John McEnroe has claimed Nick Kyrgios is the "most talented player" he has "seen in the last decade" despite the combustible Aussie bowing out of his home Grand Slam.
Kyrgios put on a show on Rod Laver Arena, pushing favourite Daniil Medvedev to four sets before succumbing 7-6(1) 6-4 4-6 6-2.
It continued a familiar theme for the 26-year-old of valiant defeats on home soil. He took third seed Dominic Thiem to five sets in 2021, while he also tested Rafael Nadal in a four-set loss in 2020.
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McEnroe is concerned Kyrgios will never fulfil his potential, having seen him slip to 115th in the ATP rankings after featuring sporadically since the start of the coronavirus pandemic.
“I like Nick as a person, I coached him at the Laver Cup four times. He’s a good kid,” he told Alize Lim and Mats Wilander in the Eurosport Cube via Zoom.
“But it’s tough to watch because he’s so talented, so great for the game. I would love to see him step up and be in the top five or six players, where I think he belongs.”

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As the interview cut away to footage of Kyrgios’ best moments in the match, which included a sensational volley at the net that brought up two break points and a crazy celebration, McEnroe continued: “I feel bad in a way because you see him make shots like this, play points like this, look at the crowd…
“The guy brings it. I would absolutely love to see him fulfil his potential or get even close to it.”
When asked what stopped Kyrgios from winning the match, McEnroe replied: “Between his ears, that’s what’s missing.
“He’s got great game. I would say tennis-wise, the most talented player I’ve seen in the last 10 years. But you also have to bring what it takes to compete on a day in, day out basis.”

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McEnroe conceded that Kyrgios was not doing enough to rival the top players at the biggest tournaments.
“Look at Roger Federer, Rafael Nadal and Novak Djokovic. These consummate pros who do whatever it takes to win and they look at Nick, they realise he’s great for the game,” he continued.
“He’s got a personality, he’s a smart kid, he’s a good kid, everyone likes him. He’s a fantastic talent but you’ve got to be able to put it together, you’ve got to be able to compete on a regular basis and unfortunately Nick hasn’t been able to do that for a while.”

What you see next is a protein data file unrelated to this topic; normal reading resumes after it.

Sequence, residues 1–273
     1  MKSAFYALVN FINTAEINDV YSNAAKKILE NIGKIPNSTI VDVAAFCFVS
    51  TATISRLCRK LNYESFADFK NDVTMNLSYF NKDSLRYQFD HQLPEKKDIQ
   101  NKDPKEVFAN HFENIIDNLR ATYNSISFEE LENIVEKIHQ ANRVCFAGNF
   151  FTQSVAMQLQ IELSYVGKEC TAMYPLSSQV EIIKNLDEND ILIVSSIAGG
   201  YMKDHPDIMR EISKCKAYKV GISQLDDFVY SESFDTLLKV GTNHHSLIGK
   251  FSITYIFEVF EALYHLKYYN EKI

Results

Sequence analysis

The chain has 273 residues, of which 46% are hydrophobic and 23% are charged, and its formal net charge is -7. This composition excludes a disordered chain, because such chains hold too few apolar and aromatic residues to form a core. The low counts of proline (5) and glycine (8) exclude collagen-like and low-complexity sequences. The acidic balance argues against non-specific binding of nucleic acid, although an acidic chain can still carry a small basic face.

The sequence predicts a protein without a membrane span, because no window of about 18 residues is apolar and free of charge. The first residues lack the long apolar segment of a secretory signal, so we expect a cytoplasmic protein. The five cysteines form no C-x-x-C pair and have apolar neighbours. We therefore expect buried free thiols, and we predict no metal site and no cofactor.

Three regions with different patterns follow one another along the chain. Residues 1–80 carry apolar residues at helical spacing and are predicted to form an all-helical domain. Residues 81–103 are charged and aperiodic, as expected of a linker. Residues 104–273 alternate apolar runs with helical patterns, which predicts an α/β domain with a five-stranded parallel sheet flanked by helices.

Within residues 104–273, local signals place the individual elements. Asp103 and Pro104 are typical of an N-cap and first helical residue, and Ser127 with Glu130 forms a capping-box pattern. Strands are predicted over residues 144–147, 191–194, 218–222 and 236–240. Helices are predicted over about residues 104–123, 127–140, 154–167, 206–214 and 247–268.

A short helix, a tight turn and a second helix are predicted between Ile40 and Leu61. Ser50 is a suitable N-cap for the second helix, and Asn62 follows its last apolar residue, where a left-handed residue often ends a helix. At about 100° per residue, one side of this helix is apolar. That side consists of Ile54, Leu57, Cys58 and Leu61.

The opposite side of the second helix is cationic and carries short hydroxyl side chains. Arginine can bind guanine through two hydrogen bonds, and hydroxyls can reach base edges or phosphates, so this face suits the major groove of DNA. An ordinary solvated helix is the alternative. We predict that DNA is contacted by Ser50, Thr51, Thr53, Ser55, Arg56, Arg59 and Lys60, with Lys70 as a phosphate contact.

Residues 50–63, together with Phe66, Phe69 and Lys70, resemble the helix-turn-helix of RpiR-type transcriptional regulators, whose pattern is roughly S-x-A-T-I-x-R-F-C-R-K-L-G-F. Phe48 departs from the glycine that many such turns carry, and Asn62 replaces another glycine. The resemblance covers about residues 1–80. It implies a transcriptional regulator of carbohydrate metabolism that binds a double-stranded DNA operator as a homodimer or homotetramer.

Kyrgios, for all his entertainment value, has failed to reach the second round of a Grand Slam since 2015 – and has never progressed beyond the quarter-finals.
His performance against Medvedev was ominously predictable – the tweeners, underarm serves and brutal groundstrokes were undone by him faltering in the biggest moments, with his challenge finishing on a limp note in the fourth set.
“I would have predicted this a million miles away. He would rise to the occasion and show Medvedev he’s got the ability to stick with him for a while, play with him,” added McEnroe.
“But then at the end of the day because he played, what, Liam Broady [his first round opponent], he didn’t have enough left in the tank? I mean, come on.
“At this point, I’m more concerned because I like Nick as a person and I want him to be healthy and happy. And if he goes on the court to be able to compete to the best of his ability. What it appears is this is the best of his ability right now – that’s the problem.
“But having watched him over the course of the last five, six years and to see him play these top-level pros like Medvedev who he should be competing with for majors and whatever comes up, he retires. It’s like ‘OK, what a surprise’.”
Medvedev, the big favourite for the men’s title on the back of his run to the US Open title, next faces unseeded Dutchman Botic van de Zandschulp.

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